Lowell General Hospital’s main and Saints campuses were recently recognized by both the American Heart Association and Massachusetts Department of Public Health for outstanding care of patients suffering a stroke, which is the fourth-leading cause of death in the Commonwealth and a leading cause of adult disability.
The Department of Public Health recognized the hospital with The Modified Rankin Scale greater than or equal to 85% Award from the Paul Coverdell National Acute Stroke Program, a Centers for Disease Control and Prevention (CDC) funded quality improvement collaborative that supports Primary Stroke Service hospitals. This award recognizes hospitals that complete the Modified Rankin Scale on at least 85% of stroke patients from January 2017 - December 2017. The Modified Rankin Scale is used to measure the degree of disability from the impact of a stroke on an individual’s daily activities from a range of 0-6. Immediate assessment and treatment is critical to help improve outcomes.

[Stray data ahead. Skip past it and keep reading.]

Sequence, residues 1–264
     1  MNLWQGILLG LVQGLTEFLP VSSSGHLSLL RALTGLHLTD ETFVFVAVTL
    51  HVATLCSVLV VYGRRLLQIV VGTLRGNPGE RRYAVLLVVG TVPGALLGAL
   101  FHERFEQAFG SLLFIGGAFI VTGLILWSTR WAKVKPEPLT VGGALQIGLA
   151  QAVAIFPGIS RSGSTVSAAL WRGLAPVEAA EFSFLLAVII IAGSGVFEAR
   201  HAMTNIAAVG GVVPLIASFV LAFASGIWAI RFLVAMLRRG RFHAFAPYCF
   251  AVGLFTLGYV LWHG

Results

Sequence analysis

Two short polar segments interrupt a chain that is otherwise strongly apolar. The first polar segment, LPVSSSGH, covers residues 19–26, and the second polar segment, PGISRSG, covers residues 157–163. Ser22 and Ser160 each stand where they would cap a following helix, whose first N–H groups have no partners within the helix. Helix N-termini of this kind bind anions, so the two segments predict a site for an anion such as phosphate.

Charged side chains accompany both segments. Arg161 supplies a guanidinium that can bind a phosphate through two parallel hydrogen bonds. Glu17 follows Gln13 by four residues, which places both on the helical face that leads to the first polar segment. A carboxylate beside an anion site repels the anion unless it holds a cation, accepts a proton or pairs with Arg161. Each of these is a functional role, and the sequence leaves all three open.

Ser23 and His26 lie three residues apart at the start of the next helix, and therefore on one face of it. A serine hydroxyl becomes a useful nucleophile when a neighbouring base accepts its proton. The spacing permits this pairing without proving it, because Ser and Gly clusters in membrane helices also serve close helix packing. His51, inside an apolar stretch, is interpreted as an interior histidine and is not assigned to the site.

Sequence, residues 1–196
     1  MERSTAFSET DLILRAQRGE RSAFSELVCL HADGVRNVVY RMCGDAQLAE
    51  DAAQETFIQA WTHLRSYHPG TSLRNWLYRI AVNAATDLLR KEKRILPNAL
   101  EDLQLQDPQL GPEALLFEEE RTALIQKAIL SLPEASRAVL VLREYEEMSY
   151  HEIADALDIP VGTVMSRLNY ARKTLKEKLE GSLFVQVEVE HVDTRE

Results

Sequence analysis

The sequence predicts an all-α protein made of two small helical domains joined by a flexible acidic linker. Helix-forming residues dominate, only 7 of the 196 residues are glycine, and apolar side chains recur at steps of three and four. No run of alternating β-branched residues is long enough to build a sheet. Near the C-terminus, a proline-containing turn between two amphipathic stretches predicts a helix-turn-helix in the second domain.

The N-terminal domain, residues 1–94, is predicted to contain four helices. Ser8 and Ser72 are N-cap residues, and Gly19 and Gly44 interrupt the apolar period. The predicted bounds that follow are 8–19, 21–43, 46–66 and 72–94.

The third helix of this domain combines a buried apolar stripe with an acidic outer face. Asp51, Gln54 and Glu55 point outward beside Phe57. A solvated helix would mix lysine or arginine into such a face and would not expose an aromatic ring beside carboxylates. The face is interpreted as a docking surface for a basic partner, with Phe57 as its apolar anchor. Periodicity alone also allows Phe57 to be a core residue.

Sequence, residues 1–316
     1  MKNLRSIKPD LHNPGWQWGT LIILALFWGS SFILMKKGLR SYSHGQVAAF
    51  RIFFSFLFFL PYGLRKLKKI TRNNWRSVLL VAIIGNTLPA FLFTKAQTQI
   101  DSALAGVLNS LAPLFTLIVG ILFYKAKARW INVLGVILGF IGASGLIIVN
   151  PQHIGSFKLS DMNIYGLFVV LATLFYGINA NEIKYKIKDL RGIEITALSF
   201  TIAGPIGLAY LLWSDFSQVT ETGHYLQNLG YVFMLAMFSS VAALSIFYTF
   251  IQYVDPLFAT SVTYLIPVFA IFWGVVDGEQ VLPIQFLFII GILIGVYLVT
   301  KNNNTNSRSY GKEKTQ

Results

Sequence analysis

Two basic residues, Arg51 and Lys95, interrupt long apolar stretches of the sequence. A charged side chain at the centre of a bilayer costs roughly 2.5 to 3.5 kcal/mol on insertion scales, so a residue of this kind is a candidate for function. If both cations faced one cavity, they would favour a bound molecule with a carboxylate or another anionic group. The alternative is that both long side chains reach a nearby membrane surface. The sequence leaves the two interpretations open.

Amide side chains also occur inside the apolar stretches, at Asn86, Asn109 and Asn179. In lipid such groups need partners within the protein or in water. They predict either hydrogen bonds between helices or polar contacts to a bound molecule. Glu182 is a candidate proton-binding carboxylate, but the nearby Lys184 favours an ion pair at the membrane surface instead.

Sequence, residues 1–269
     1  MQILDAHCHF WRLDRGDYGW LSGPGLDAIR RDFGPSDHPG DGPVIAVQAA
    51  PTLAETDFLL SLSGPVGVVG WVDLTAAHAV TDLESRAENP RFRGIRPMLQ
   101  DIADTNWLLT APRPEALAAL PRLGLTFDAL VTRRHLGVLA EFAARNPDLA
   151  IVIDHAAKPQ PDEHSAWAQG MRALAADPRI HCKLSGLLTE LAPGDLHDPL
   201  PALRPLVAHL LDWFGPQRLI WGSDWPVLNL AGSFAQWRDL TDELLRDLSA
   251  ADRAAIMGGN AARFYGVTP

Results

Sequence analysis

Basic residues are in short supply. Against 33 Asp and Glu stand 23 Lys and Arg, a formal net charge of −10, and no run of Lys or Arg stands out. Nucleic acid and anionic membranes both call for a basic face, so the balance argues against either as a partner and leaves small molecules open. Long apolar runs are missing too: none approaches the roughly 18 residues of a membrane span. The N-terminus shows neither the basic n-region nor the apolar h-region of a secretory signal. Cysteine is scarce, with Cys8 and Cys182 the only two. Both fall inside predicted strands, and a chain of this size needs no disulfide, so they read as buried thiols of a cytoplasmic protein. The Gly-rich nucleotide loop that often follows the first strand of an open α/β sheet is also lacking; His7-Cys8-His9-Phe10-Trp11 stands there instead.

The AHA also awarded Lowell General Hospital the Target: StrokeSM Elite award. To qualify for this recognition, hospitals must meet quality measures developed to reduce the time between the patient’s arrival at the hospital and treatment with the clot-buster tissue plasminogen activator, or tPA, the only drug approved by the U.S. Food and Drug Administration to treat ischemic stroke.
Lowell General Hospital earned the AHA honor by meeting specific quality achievement measures for the diagnosis and treatment of stroke patients at a set level for a designated period. These measures include evaluation of the proper use of medications and other stroke treatments aligned with the most up-to-date, evidence-based guidelines with the goal of speeding recovery and reducing death and disability for stroke patients.